Format

Send to:

Choose Destination
See comment in PubMed Commons below
Gastroenterology. 1994 Apr;106(4):1016-23.

Altered control of vascular tone by adenosine triphosphate-sensitive potassium channels in rats with cirrhosis.

Author information

  • 1Laboratoire d'Hémodynamique Splanchnique (INSERM U-24), Hôpital Beaujon, Clichy, France.

Abstract

BACKGROUND/AIMS:

Because the activation of arterial adenosine triphosphate (ATP)-sensitive potassium (KATP) channels is known to induce vasodilation, these channels may contribute to baseline vasodilator tone in cirrhosis. This study aimed to examine hemodynamic responses to glibenclamide, a KATP channel blocker, and to aprikalim, a vasodilator activating KATP channels, in normal and cirrhotic rats.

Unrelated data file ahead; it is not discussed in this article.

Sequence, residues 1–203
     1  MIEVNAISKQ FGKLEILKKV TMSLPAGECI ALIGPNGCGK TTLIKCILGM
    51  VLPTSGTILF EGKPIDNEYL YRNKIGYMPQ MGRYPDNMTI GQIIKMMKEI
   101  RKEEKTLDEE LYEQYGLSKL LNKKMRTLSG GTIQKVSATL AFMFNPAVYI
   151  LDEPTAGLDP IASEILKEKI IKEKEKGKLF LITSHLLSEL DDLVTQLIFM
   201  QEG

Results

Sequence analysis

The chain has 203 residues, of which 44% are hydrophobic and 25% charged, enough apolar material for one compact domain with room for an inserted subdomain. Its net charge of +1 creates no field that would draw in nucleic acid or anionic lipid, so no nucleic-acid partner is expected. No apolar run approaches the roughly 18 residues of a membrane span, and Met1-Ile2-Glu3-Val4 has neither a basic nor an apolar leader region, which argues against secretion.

METHODS:

Splanchnic and systemic hemodynamic responses to glibenclamide (2.5, 5, 20, 30 mg/kg, intravenously) were studied. The arterial pressure response to aprikalim (200 mu/kg, intravenously) was studied with and without glibenclamide pretreatment (20 mg/kg).

RESULTS:

In cirrhotic rats, glibenclamide (5, 20, 30 mg/kg but not 2.5 mg/kg) significantly increased vascular resistance in portal and systemic territories. In normal rats, the latter effects occurred with 20 and 30 mg/kg of glibenclamide only. Aprikalim-induced arterial hypotension was significantly less marked in cirrhotic than in normal rats. Following glibenclamide, aprikalim-induced arterial hypotension was significantly less marked in cirrhotic than in normal animals.

CONCLUSIONS:

In rats with cirrhosis, the glibenclamide-induced vasoconstriction indicates that a vasodilator tone due to KATP channel opening existed under baseline conditions. Moreover, this study suggests that the control of vascular tone by KATP channels is altered in cirrhosis.

PMID:
8143968
[PubMed - indexed for MEDLINE]
PubMed Commons home

PubMed Commons

0 comments
How to join PubMed Commons

    Supplemental Content

    Icon for Elsevier Science
    Loading ...
    Write to the Help Desk